Desire Robinson’s mother on hand as Trump signs anti-sex trafficking law

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WASHINGTON  — President Donald Trump has signed a new law aimed at curbing sex trafficking.

During a White House signing ceremony Wednesday, the president said the survivors "are very brave."

Yvonne Ambrose, a mother from the Chicago area, stood by Trump as he signed the law.

“I don’t want to cry in front of you, Mr. President,” she said.  “This is so important to all of us, and I thank you, Mr. President, so much much for signing this bill into law.”

Ambrose says her daughter fell victim to the sex trafficking trade.

Just 16 years old, the body of Desire Robinson was found in a Markham garage on Christmas Eve 2016. She’d been sexually assaulted and brutally murdered.

Last week, Charles McFee, 26, admitted he delivered the teen to accused pimp Joseph Hazley, who prosecutors say trafficked the girl on the website Backpage.com.  Hazley allegedly sold Robinson to her accused killer, Antonio Rosales.

“Unfortunately, my daughter was not the first person whom this has happened to.  And thanks to you and everyone here, hopefully there won't be many more after her,” Ambrose said.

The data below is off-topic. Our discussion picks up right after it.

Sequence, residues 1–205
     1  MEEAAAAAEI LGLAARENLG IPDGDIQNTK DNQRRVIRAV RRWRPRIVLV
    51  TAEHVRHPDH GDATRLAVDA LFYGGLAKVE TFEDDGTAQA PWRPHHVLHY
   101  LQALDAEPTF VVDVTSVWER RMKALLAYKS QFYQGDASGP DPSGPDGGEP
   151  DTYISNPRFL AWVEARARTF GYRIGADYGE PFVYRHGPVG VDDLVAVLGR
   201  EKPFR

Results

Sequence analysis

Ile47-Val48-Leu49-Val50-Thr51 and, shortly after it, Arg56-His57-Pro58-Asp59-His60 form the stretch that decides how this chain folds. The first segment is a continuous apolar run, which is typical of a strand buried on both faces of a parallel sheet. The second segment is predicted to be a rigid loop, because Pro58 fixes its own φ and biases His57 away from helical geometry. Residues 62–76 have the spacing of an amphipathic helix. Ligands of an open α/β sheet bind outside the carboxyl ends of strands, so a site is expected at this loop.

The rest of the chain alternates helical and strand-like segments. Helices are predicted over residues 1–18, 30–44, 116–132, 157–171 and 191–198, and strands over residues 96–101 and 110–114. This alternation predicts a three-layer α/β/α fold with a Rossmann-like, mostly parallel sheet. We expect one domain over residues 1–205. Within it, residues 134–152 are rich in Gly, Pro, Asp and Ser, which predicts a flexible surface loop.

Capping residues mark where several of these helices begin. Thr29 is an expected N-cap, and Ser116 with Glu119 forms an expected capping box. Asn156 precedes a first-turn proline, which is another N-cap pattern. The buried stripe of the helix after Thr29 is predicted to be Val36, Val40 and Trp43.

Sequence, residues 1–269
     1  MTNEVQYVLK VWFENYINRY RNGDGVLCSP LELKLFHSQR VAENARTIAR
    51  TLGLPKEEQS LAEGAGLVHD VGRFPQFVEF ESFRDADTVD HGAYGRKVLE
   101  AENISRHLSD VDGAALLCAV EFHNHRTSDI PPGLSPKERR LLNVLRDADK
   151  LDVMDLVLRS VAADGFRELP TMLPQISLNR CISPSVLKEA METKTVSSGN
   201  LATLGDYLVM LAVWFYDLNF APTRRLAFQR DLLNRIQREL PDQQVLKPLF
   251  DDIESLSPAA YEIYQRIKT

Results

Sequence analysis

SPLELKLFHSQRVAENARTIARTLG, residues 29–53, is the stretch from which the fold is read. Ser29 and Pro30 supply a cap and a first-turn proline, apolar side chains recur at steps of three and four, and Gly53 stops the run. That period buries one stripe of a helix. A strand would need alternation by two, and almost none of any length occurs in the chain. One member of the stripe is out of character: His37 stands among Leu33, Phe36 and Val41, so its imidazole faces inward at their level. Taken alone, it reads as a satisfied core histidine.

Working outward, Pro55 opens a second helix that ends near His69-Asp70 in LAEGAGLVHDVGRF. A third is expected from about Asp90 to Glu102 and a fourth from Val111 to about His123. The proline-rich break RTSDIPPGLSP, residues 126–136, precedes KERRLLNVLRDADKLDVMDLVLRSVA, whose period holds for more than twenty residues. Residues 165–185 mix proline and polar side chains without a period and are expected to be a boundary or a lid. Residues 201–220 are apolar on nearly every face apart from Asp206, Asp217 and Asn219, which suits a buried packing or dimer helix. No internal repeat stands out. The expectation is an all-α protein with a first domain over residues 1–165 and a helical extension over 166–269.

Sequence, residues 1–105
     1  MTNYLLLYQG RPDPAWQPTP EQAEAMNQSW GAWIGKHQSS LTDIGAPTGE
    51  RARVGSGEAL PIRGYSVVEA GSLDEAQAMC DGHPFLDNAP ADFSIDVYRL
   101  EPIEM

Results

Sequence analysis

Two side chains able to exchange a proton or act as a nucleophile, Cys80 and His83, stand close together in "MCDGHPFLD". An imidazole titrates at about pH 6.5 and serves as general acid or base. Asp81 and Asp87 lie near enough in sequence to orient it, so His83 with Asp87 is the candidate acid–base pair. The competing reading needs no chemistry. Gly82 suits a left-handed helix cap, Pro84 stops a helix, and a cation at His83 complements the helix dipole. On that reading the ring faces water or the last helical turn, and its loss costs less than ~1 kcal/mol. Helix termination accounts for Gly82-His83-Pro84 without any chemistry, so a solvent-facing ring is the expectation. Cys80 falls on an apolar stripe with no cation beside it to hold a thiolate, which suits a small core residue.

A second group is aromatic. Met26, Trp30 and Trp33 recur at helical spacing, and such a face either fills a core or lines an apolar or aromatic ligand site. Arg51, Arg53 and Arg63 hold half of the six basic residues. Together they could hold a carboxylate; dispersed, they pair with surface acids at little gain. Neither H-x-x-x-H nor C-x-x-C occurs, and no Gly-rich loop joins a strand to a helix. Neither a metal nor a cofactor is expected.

After the White House event, Ambrose called today bittersweet.

“That was probably one of the most amazing experiences that I’ve probably ever had in my life,” she said. “ I was proud to be there with other survivors. … It’s mixed feelings. But I am happy that she is the change that she wanted to see in the world.”

Ambrose is suing Backpage, which has responded by filing a motion to dismiss. Rosales is awaiting trial and McFee’s has a detention hearing later this month.

Also among those at the ceremony were Trump's daughter, Ivanka, several members of Congress and families of victims.

The law passed Congress overwhelmingly. It weakens a legal shield for online services that host abusive content, including sex trafficking.

The protections made users of such sites as Facebook liable for the content. The legislation grew out of frustration that classified-ad sites can claim they aren't the publisher of questionable content but are merely transmitting posts by others.

Trump called the issue "a tough one," and handed one signing pen to the mother of a victim of the sex trade.

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